b. A 700-pound carcass of this yield grade, which is near the borderline of Yield Grades 4 and 5, might have nine-tenths inch of fat over the ribeye, 9.8 square inches of ribeye, and 3.5 percent of its carcass weight in kidney, pelvic, and heart fat.

c. A 1,100-pound carcass of this yield grade, which is near the borderline of Yield Grades 4 and 5, might have one inch of fat over the ribeye, 15.6 square inches of ribeye, and 4.0 percent of its weight in kidney, pelvic and heart fat.

  1. Yield Grade 5.

    A carcass in Yield Grade 5 usually has more fat on all of the various parts, a smaller area of ribeye, and more kidney, pelvic, and heart fat than a carcass in Yield Grade 4.

Quality Grades of Carcass Beef (steer, heifer, cow) 

  1. Prime

a. Depending on their degree of maturity, beef carcasses possessing the minimum requirements for the Prime grade vary in their other indications of quality as evidenced in the ribeye muscle. Minimum quality characteristics are described for two maturity groups, which cover the entire range of maturity permitted in the Prime grade.

b. Carcasses in the younger group range from the youngest that are eligible for the beef class to those at the juncture of the two maturity groups. In carcasses throughout the range of maturity included in this group, a minimum slightly abundant amount of marbling is required (see Figure 1 pdf ) and the ribeye muscle is moderately firm.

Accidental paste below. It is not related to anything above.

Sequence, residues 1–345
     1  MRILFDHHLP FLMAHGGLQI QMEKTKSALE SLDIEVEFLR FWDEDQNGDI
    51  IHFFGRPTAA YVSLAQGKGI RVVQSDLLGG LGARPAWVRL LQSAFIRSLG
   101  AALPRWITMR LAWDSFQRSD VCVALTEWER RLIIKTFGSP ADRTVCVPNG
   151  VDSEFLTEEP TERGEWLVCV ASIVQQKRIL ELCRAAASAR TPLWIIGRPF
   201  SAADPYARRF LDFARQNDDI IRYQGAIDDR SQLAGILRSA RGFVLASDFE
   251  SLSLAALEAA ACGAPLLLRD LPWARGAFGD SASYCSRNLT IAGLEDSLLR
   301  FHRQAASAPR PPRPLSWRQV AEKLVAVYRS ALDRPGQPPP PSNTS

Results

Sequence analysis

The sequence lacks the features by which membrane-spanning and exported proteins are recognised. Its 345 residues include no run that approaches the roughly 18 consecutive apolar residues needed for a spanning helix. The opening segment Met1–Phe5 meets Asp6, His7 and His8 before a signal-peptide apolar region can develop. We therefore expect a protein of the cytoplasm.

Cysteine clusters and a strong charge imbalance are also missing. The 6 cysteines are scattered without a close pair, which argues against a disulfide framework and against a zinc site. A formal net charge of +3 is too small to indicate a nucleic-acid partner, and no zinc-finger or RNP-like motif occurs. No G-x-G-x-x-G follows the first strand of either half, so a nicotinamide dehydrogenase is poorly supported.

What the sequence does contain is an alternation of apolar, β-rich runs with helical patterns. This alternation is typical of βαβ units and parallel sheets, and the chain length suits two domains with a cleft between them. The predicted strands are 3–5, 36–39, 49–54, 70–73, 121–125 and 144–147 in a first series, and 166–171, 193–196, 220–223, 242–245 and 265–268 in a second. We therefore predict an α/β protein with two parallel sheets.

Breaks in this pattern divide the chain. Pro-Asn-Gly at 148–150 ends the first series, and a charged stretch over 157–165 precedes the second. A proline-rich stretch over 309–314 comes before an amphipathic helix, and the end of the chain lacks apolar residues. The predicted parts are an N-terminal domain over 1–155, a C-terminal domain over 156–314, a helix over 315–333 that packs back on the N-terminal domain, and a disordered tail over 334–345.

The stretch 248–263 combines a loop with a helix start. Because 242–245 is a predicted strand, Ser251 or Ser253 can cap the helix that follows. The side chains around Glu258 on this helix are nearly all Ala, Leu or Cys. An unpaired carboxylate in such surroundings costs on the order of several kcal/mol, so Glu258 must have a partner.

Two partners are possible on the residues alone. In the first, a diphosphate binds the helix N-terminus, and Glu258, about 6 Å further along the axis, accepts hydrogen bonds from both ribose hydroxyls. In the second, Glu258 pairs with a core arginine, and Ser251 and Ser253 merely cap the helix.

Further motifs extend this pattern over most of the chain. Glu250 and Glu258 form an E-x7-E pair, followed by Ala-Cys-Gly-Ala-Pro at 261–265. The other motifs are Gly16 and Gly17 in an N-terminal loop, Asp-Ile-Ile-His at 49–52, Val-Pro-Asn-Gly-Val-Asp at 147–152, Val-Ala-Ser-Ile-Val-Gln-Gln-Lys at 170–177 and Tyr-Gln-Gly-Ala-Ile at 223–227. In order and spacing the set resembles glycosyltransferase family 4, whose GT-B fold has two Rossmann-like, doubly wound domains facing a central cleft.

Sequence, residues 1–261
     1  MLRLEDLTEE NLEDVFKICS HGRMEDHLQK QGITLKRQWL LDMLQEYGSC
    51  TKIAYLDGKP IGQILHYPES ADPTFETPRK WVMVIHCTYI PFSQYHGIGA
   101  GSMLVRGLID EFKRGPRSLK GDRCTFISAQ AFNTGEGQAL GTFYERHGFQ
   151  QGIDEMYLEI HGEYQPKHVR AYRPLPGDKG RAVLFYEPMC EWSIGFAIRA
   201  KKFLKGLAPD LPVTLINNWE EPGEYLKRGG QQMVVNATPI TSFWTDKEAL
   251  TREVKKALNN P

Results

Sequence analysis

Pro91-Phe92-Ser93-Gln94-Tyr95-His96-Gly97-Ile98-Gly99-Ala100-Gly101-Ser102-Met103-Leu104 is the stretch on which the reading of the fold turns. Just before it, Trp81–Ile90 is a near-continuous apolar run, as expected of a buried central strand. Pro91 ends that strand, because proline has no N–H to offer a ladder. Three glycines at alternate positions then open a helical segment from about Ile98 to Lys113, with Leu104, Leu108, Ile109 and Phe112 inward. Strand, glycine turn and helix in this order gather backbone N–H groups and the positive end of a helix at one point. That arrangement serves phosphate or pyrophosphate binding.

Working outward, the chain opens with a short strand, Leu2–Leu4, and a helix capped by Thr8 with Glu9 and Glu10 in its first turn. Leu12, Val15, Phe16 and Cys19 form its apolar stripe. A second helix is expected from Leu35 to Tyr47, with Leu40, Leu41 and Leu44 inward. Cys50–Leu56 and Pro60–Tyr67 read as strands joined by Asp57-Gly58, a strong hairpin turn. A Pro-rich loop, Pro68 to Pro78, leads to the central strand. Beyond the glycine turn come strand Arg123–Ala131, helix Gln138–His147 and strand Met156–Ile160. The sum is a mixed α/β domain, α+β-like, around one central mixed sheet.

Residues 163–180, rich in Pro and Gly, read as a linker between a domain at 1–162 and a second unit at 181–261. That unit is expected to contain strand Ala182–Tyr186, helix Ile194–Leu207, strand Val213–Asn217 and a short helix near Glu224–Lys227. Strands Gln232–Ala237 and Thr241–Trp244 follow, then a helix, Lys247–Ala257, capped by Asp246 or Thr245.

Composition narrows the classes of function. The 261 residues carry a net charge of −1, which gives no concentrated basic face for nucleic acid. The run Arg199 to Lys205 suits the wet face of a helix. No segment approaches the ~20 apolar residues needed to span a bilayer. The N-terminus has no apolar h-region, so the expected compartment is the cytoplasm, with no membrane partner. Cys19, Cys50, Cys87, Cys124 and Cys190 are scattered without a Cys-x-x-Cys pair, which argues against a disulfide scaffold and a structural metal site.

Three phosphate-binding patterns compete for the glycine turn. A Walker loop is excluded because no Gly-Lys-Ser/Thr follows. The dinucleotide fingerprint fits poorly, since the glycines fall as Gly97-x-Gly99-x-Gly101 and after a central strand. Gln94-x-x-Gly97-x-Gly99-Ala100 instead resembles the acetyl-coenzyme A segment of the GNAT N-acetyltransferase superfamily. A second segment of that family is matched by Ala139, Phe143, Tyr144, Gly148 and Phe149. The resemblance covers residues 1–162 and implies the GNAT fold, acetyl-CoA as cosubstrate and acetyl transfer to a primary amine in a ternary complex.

c. Carcasses in the older group range from those described above as representative of the juncture of the two groups to those at the maximum maturity permitted in the Prime grade. The minimum degree of marbling required increases with advancing maturity throughout this group from minimum slightly abundant to maximum slightly abundant (see Figure 1 pdf) and the ribeye muscle is firm.

d. Beef produced from cows is not eligible for the Prime grade.

  1. Choice

a. Depending on their degree of maturity, beef carcasses possessing the minimum requirements for the Choice grade vary in their other indications of quality as evidenced in the ribeye muscle. Minimum quality characteristics are described for two maturity groups, which cover the entire range of maturity permitted in the Choice grade.

b. Carcasses in the younger group. In carcasses throughout the range of maturity included in this group, a minimum small amount of marbling is required (see Figure 1 pdf) and the ribeye muscle may be slightly soft.

c. Carcasses in the older group. In carcasses throughout the range of maturity included in this group, a minimum modest amount of marbling is required (see Figure 1 pdf) and the ribeye muscle is slightly firm.

  1. Select.

a. In carcasses throughout the range of maturity permitted in the Select grade, the minimum marbling required is a minimum slight amount (see Figure 1 pdf) and the ribeye may be moderately soft.

b. Carcasses in the maturity group permitted range from the youngest that are eligible for the beef class to those at the juncture of the two maturity groups. In carcasses throughout the range of maturity included in this group, a minimum slight amount of marbling is required (see Figure 1 pdf) and the ribeye may be moderately soft.